New Game, Different Name 

Does the Bruce Thompson case cross the line between law and politics?

When Bruce Thompson, freshly charged with extortion and mail fraud, called a press conference last week to respond, the former county commissioner struck an unusual note of defiance, chastising My Harrison, the FBI's local agent in charge, for the "same game, different name" remark with which she had characterized his place in the ever-burgeoning series of federal indictments of local officials.

His life was no game, Thompson said, making the issue personal, and since the distinguished defense attorney Leslie Ballin stood at his elbow when he said it, lending his considerable legal imprimatur to the statement, what Thompson said smacked less of pique than of considered strategy. Indeed, it seemed overtly political, the response of one contender to another in a heated public debate.

And make no mistake: Though both Thompson's legal defenders and the prosecutorial team representing U.S. attorney David Kustoff will presumably offer abundant briefs, proofs, and exhibits in evidence as they join the issue, there is something political about not only this trial but the whole series of recent ones based on operations with catchy code names like Tennessee Waltz, Main Street Sweeper, and suchlike.

There had already been sporadic, mainly sub rosa efforts within the ranks of local Democrats to challenge the series of Justice Department prosecutions as partisan ones aimed at their party's power structure. The presence of a nominal Republican, former East Tennessee legislator Chris Newton, among the Tennessee Waltz indictees, had done little to dispel the accusation, since Newton's GOP colleagues had always considered him a fellow traveler with the General Assembly's Democrats.

The conservative Thompson, a bona fide upscale Gucci-wearing Republican with strong connections in the local business community, would seem to be a different matter. Yet it can be argued, at no prejudice to the legal merits of either case, that both Thompson's prosecution and that of former MLGW head Joseph Lee, currently under indictment for improper collusion with city councilman Edmund Ford Sr., are inherently political.

Rather than instances of out-and-out bribery, conveniently staged and videotaped by the government itself, these two cases are not stings but the results of real ex nihilo investigations of actions initiated by the principals themselves. What connects them to the prior cases is that they expressly target the freedom-of-action of public officials.

The prosecutions of Thompson and, even more obviously, Lee are aimed at what had previously been a no-man's-land of politics, the domain where favors are done in return for favors, where one hand washes the other, and where if you scratch my back, I'll sure as hell scratch yours.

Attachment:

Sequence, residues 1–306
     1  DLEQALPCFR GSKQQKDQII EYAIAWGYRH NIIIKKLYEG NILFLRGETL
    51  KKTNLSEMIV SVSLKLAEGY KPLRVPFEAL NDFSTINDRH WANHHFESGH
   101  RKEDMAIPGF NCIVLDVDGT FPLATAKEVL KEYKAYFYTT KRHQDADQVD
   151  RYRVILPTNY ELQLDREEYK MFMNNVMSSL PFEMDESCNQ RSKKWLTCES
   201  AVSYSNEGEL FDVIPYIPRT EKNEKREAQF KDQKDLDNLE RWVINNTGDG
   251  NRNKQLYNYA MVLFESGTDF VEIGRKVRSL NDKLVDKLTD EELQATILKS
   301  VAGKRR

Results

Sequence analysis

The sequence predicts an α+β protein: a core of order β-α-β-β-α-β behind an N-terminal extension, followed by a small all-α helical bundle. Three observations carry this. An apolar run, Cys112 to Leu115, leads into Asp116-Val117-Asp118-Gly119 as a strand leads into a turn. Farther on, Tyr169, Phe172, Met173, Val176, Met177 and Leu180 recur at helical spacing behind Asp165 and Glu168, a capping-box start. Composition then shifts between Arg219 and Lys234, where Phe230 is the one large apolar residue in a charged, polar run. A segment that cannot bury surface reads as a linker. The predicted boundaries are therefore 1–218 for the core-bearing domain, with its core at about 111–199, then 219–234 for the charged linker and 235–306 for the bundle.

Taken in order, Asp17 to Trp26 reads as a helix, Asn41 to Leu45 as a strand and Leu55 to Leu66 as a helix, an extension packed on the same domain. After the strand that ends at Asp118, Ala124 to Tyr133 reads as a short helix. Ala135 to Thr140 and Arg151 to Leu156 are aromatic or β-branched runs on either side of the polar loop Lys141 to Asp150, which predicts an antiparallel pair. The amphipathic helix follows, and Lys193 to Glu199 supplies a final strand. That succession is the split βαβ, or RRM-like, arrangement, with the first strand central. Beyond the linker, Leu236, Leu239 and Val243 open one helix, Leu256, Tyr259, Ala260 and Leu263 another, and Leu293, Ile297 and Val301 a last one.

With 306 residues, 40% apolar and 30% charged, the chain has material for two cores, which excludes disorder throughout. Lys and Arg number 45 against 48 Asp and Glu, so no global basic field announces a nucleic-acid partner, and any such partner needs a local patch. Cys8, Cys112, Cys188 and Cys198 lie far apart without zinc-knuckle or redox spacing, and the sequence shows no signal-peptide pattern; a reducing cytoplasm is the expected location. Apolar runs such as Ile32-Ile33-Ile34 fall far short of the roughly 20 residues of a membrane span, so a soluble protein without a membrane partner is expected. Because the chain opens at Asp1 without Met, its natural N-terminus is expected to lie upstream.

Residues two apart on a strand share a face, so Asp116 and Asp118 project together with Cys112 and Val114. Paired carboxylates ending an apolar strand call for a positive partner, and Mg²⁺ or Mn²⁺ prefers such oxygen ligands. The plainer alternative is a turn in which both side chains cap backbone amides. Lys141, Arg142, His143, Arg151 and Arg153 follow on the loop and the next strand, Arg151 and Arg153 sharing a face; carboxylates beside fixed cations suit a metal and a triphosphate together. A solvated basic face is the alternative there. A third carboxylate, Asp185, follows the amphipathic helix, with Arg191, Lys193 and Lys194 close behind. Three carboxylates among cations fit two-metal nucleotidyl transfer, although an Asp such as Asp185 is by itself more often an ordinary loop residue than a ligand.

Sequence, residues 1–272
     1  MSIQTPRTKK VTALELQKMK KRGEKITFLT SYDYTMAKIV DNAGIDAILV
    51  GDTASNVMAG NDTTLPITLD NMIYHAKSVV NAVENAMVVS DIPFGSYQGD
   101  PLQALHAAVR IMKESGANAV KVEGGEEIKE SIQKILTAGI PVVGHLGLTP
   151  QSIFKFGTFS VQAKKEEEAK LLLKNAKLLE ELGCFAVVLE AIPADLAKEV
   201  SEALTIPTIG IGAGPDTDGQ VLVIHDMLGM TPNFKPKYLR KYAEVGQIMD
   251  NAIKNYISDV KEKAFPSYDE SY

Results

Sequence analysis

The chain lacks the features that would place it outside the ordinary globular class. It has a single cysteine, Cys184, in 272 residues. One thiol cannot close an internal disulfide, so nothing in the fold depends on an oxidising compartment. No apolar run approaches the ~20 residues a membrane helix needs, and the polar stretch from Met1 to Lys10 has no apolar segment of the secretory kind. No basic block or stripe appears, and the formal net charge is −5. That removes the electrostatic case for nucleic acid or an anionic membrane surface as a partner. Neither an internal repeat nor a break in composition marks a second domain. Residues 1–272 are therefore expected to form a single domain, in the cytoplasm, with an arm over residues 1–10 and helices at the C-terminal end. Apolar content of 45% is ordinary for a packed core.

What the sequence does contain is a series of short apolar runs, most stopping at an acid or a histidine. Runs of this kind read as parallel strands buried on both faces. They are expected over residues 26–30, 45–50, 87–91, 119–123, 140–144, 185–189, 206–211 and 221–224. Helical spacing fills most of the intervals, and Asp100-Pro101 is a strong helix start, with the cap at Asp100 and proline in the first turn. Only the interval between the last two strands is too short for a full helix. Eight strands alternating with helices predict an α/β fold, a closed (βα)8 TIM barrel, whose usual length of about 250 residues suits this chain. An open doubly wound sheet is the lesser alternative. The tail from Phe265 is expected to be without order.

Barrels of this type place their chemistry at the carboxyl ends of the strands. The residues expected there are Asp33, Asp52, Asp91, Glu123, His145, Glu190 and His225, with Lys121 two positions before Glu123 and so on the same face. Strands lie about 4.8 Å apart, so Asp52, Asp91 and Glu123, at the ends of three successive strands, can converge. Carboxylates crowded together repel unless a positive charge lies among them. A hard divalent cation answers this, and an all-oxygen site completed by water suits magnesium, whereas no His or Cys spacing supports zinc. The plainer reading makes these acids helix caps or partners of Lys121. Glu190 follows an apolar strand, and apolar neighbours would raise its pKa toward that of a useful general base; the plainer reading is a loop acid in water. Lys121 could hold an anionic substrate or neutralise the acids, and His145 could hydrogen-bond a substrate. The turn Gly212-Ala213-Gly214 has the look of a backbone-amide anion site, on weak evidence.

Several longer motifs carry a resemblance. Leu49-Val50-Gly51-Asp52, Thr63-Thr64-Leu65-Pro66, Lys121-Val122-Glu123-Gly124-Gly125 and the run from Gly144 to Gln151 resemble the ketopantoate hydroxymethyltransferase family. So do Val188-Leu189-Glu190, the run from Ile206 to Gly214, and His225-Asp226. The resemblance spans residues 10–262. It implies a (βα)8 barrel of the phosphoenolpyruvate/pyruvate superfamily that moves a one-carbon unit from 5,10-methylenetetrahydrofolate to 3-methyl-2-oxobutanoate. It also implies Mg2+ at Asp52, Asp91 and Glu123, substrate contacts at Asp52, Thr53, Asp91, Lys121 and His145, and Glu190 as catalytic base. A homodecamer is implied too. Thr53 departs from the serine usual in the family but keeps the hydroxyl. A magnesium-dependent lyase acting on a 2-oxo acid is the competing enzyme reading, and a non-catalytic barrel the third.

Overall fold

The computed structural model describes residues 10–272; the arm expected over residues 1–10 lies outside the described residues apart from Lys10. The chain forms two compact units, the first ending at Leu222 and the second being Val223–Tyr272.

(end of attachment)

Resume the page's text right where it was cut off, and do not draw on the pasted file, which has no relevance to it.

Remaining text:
Did MLGW president Lee choose to look the other way at Ford's thousands of dollars' worth of unpaid bills because the councilman changed his mind on Lee's acceptability as the utility's head, and because, even more crucially, Ford headed Lee's oversight committee? It might once have been said: That's just politics. But Harrison and Kustoff have now declared that statement inoperative, as chief prosecutor Tim DiScenza shortly will in court.

Thompson's case is even more ambivalent. Before he went to work on getting the Memphis school board to approve a school-construction contract for a West Tennessee company (for an ultimate fee of $250,000 for himself), the then commissioner sought — and got — the formal sanction of county attorney Brian Kuhn.

No conflict of interest, said Kuhn, who reaffirmed again Monday his belief that Thompson, distanced by the state's funding formula both from city-school spending per se and from oversight of specific school construction, was within his rights to act as an advocate for the company.

That was on pure conflict-of-interest grounds, stressed Kuhn, who eschewed any judgment about various potential illegalities associated with other aspects of the case. Asked whether the Thompson and Lee cases could be interpreted as incursions by federal authorities onto turf previously regarded as exclusively and flexibly political, Kuhn allowed — unofficially and informally, you understand — that he understood how somebody could see it that way.

In an interview with the Flyer back in 1994, when he was first running for the Senate, current presidential hopeful Fred Thompson mused on the then ongoing Whitewater investigation into President Bill Clinton's private finances and, at some passionate length, expressed regret at what he saw as the creeping criminalization of politics.

Locally as well as nationally, what Thompson then lamented seems now to be the very name of the game.


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